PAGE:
A robotic hand with over 100 touch sensors replicates all the joints and movements of a human hand.
In North London, U.K., Shadow Robot Co. develops advanced robotic systems for applications such as medical research. But one day it could produce the first humanoid domestic robots.
The company's designers use compliant pneumatic actuators, otherwise known as air muscles, in their robotic systems. The robotic hand uses 36 of these air muscles to control 25 separate movements. Seventy-two valves control the flow of air in and out of each muscle. The valves sit inside the elbow of the arm.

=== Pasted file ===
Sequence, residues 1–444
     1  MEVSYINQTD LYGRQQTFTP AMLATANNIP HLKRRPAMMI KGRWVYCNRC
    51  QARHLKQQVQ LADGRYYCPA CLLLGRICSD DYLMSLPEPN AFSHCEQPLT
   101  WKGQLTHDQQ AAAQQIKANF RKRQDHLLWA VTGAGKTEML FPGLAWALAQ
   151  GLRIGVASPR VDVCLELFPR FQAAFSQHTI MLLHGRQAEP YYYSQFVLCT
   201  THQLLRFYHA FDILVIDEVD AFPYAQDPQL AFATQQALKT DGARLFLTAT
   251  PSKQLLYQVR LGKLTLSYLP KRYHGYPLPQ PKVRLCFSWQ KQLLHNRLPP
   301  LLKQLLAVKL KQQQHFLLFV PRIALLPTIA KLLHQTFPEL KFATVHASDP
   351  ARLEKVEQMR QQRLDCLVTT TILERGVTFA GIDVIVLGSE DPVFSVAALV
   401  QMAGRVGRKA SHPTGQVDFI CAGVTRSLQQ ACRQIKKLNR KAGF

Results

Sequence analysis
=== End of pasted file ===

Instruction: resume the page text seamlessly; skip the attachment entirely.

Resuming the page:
The ultracompact size of valves from The Lee Co., Westbrook, Conn., lets designers embed them directly into the dexterous hand.
"The robot hand is self-contained, requiring only an air supply and 24-V power," says Hugo Elias, technical director at Shadow.